So, if ever asked in a legal proceeding, always respond, "I don't know the going rate, since any discussion of labor prices with my competitors would be a violation of the Federal Trade Laws. I decide the labor rates based on what I perceive to be the value of the service."

Pay The State

The second area where flat rate pricing doesn't work? Sales taxes.

I work in a number of states. None of these states charges sales tax on labor. I would guess that the majority of the country does not have a sales tax on labor.

When you invoice a flat rate, without any breakdown of labor, there is sales tax on the total amount of the invoice. The problem arises from the fact that flat rate pricing charges for an installation. There is material included in the installation. Hence, you are selling a product. You are not charging for labor. Technically, the labor is free because you charge a single rate for the product.

Assume a fixture cost $100. Your labor to install the fixture was $200. Your profit and overhead was $60. (I just made up these numbers.) If you add the numbers together, the total price for a flat rate would be $360. If the sales tax was 5 percent, you would then tack on $18 for sales tax.

It you took these same amounts and provided a break down on the invoice, the sales tax would be on the $100 material cost. The tax would only be $5, which is a savings of $13.

You may be saying, "Who cares, my customer is paying the taxes, not me?" While this is true, think of what this adds up to at the end of the year.

If your company took in $1 million total in flat rate pricing for the year, with a 5 percent sales tax, you would write a check to the state for $50,000. However, if only $200,000 of that total was for material costs in the flat rate pricing, you would only have to write a check for $10,000 to the state. Of course, the state would love for you to flat rate price, since they collect a windfall of additional taxes.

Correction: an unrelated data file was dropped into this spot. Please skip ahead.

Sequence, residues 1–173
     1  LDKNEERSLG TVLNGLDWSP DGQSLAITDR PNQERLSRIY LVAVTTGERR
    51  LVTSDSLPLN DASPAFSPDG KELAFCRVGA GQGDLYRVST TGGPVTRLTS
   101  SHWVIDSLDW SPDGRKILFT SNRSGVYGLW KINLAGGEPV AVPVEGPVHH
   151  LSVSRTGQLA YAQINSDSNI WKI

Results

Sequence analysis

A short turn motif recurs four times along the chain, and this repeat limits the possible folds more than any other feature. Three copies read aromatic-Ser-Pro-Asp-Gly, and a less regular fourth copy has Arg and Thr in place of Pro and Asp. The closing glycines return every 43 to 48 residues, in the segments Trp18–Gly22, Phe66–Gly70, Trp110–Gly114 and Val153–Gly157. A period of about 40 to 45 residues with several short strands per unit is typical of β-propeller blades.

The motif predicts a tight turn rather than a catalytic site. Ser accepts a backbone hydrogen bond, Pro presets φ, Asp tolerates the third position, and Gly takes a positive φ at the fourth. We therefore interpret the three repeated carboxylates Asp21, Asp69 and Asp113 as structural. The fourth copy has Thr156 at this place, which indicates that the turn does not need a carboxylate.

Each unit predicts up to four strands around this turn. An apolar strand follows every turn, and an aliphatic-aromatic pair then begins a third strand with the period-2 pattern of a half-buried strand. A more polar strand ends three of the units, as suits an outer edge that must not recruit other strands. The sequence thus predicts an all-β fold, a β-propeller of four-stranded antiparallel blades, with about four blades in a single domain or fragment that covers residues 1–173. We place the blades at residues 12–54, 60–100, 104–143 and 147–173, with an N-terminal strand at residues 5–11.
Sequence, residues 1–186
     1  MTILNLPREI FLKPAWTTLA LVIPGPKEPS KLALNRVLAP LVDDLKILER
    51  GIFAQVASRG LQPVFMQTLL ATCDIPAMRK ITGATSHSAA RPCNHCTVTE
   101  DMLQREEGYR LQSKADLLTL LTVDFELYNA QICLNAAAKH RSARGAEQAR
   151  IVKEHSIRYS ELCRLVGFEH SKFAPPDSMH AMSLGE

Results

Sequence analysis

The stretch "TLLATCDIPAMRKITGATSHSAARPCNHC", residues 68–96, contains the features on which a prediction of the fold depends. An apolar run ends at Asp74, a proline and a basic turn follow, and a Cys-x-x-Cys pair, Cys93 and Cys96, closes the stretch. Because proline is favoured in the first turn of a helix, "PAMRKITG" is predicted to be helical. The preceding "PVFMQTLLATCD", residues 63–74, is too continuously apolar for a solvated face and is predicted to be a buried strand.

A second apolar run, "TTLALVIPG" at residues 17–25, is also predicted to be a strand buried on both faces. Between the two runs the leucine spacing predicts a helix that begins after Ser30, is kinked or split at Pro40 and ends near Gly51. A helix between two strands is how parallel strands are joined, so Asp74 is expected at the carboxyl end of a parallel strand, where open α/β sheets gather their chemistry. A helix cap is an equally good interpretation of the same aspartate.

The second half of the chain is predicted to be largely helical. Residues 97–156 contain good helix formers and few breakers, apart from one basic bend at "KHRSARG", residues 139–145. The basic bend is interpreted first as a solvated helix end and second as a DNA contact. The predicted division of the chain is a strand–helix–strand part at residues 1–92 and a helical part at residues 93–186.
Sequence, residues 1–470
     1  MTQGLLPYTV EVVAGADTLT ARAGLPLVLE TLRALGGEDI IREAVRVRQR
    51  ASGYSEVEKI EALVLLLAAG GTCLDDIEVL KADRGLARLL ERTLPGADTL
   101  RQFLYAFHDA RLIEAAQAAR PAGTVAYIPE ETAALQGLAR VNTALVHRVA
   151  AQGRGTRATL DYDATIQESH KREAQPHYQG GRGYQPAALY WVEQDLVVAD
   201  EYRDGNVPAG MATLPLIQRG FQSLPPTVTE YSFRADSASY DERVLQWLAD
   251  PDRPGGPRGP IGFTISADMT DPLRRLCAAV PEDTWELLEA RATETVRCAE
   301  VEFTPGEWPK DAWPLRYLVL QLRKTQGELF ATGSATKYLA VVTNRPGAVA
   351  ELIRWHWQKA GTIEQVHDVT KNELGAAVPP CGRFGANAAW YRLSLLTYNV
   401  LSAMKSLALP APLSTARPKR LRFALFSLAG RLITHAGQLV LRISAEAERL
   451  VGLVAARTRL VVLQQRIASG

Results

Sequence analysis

A contractor may run into problems when the state chooses to audit his books. Many contractors still are only sending the state their share of the money for the material costs. Rather than sending the $50,000 from our example, they send the state $10,000 based on the way they calculated the material costs.

Tax specialists don't look at it this way. During an audit, the state looks at the invoices. If the invoices don't show a separate breakdown for labor, it expects to receive sales tax on the full amount of the invoice. You could be stuck paying the additional $40,000 of sales tax that you never collected from your customers. Oops!

Tax Tips

One smart contractor I know solved this problem. He would tell his customers the flat rate price for the installation. Then when he invoiced, the invoice had the complete break down of the costs, material, labor, profit and overhead. (By the way, profit and overhead do not have any sales tax associated with them, either.) The bottom-line price was the flat rate price. The sales tax was added to the material amount giving the final cost of the installation.

The beauty of this is that the auditors can't complain. Technically, when the invoice is issued, the contractor is not flat rate pricing. The quote for the job is a flat rate, but the invoice is the old standard labor and material.

My recommendation is that you check with a tax specialist or the state tax people. Most accountants don't get into this level of minutiae, so check with the experts. Remember, if there is a problem, the accountant isn't going to pay your back taxes, you will.

This is just my response to the challenge of where flat rate pricing won't work. I'll leave the subject alone from now on.